The Royal Dutch Navy and Royal Marines held their annual Hurricane Preparedness Exercise “Hurex” simulation in Windwardside on Monday morning, as is reported in The Daily Herald. The complex disaster scenario involved a severe car accident with two wrecked vehicles and an electricity post crashing onto one vehicle in the proximity of Royal Bank of Canada (RBC) and Scout’s Place hotel and restaurant. There were 14 victims simulating varying degrees of injury from bruises and severe burns to gushing blood, broken bones and brain damage. The volunteer-actors did an excellent job in creating an atmosphere of havoc, complete with actors challenging the emergency responders to redirect priorities and with simulated fire and smog engulfing the scene.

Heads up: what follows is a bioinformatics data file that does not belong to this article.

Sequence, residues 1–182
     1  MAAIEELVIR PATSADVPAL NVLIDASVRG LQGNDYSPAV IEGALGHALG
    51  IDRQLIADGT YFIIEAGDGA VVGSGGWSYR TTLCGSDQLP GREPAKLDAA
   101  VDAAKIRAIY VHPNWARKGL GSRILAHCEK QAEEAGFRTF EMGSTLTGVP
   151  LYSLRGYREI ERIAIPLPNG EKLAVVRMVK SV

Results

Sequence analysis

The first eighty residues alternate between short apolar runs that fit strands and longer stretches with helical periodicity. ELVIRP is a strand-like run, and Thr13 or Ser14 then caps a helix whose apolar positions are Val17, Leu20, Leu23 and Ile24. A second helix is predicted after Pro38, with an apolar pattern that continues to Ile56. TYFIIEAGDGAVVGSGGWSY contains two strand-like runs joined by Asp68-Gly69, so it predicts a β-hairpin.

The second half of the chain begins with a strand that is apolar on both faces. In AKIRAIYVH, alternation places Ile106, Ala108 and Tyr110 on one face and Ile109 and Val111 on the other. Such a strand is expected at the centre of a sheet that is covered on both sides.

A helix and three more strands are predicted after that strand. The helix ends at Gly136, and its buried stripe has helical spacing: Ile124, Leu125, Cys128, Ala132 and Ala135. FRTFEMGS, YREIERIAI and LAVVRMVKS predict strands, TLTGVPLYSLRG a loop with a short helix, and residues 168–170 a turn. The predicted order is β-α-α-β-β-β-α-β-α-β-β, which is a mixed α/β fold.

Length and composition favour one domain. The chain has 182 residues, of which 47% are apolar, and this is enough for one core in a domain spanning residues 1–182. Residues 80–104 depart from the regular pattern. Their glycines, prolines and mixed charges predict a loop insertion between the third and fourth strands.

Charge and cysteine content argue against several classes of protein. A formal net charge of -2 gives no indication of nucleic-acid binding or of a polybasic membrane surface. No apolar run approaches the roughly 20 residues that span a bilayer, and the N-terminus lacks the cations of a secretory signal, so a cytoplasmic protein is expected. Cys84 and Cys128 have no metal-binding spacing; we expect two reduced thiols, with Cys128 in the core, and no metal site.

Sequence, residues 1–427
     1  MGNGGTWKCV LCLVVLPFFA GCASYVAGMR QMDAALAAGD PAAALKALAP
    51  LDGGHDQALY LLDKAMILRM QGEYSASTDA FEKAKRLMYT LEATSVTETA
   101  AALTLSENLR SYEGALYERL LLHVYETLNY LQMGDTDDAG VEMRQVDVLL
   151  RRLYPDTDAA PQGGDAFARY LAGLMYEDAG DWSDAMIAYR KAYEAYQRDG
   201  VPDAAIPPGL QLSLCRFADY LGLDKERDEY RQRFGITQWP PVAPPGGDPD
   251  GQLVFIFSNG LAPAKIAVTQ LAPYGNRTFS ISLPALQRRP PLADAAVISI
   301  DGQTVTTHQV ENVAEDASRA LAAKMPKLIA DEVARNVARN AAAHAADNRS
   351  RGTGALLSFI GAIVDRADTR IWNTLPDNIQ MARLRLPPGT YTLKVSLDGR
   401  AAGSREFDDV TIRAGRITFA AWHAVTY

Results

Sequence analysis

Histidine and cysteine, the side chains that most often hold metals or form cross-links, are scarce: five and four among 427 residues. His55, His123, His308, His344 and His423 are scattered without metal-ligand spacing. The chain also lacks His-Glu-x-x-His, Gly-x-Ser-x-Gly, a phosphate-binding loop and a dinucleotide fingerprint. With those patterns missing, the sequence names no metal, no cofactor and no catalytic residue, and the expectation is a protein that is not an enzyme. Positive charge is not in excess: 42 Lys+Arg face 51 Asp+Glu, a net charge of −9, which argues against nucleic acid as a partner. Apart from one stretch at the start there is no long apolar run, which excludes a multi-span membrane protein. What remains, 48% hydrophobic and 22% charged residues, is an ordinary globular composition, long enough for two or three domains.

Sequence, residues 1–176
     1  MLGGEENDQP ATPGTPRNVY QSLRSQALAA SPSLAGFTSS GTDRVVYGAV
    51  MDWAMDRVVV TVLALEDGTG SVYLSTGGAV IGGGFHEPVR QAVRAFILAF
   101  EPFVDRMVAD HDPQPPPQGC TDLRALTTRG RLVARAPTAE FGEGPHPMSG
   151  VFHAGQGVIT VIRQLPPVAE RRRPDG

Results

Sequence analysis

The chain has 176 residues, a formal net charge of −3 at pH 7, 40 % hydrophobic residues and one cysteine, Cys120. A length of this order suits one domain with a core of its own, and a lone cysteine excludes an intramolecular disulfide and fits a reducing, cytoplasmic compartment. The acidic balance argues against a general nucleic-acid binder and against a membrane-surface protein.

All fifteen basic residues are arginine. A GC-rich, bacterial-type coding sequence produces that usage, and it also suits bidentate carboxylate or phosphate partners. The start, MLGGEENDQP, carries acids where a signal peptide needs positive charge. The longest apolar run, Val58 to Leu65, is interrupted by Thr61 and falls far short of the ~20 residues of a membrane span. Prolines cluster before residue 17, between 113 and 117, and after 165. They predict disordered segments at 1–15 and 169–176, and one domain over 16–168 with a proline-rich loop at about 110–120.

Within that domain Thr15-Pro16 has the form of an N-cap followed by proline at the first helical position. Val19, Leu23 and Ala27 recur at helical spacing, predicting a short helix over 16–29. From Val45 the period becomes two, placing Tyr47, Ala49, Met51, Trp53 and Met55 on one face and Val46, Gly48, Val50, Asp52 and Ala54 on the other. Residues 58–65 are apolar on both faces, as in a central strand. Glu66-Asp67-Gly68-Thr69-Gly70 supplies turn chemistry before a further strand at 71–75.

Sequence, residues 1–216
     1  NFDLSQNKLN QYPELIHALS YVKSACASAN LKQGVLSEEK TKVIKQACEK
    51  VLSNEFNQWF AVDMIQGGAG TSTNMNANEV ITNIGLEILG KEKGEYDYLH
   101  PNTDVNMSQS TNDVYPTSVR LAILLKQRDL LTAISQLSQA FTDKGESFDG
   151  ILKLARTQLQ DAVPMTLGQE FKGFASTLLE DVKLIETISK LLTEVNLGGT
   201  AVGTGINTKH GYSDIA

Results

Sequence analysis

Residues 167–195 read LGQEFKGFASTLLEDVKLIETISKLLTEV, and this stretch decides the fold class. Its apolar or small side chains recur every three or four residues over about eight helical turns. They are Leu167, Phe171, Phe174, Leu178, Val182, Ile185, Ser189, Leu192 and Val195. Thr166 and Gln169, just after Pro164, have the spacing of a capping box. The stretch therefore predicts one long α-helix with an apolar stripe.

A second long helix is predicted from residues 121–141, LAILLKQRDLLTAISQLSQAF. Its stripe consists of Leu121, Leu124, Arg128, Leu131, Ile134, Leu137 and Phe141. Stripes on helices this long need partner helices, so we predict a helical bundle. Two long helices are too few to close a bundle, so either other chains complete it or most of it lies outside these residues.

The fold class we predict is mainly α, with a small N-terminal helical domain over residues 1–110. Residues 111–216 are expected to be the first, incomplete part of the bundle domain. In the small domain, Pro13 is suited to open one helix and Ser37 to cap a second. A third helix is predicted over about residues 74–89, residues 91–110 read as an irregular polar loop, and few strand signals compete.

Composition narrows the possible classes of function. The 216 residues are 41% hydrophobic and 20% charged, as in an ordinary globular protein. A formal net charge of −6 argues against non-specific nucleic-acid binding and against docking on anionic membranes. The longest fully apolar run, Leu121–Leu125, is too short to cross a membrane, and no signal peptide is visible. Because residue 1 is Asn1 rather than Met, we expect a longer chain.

Local emergency responders were tested not only on their immediate response capacity, but also on their abilities to prioritize, set up a victim-triage system and coordinating communication with other response teams such as the Fire and Police Departments. Saba Health Care Foundation (SHCF) Hurex exercises coordinator Anika van Dijk confirmed that all trained medical staff of A.M. Edwards Medical Centre participated in the exercise. SHCF was not informed of the type of challenge they would face, instead the medical team met Saturday for a short session in rehearsing procedures. They received an emergency phone call Monday at 8:25am, during which they were informed about the location and gravity of the incident involving more than 10 victims. The ambulances responded immediately with additional staff following. Nursing administrator Van Dijk and nurse Naomi Wilson were involved in setting up the triage process in the courtyard and sheltered environment of Eugenius Johnson Centre. Physicians Dr. Gijs Koot and Dr. Gina Boorsma took charge of the scene directing eight nurses and prioritizing the response. Dr. Koot channelled communication with Chief of Basic Police Care Coenraad Klein Swormink and local Fire Department Commander Julio Every. Fire fighters were on site immediately assessing the threat and working on releasing the victims by removing the doors of the wrecked car. One of the 14 acting victims “died” and two of the victims required a simulated evacuation to St. Maarten. The simulation did not include an actual flight to St. Maarten, but only logistic coordination with the helicopter service. Van Dijk noted that in terms of material preparedness the emergency responders had all the necessary equipment, but that in terms of human resources medical personnel were overextended. She explained that in the past SHCF’s medical staff would benefit from assistance from the Red Cross team which “unfortunately” was unable to participate in this simulation. However, despite these deficiencies Van Dijk felt staff had the situation under control in a short amount of time. The performance of local emergency responders will be assessed internally and navy and marines’ representatives are to inform Island Governor Jonathan Johnson on areas of improvement.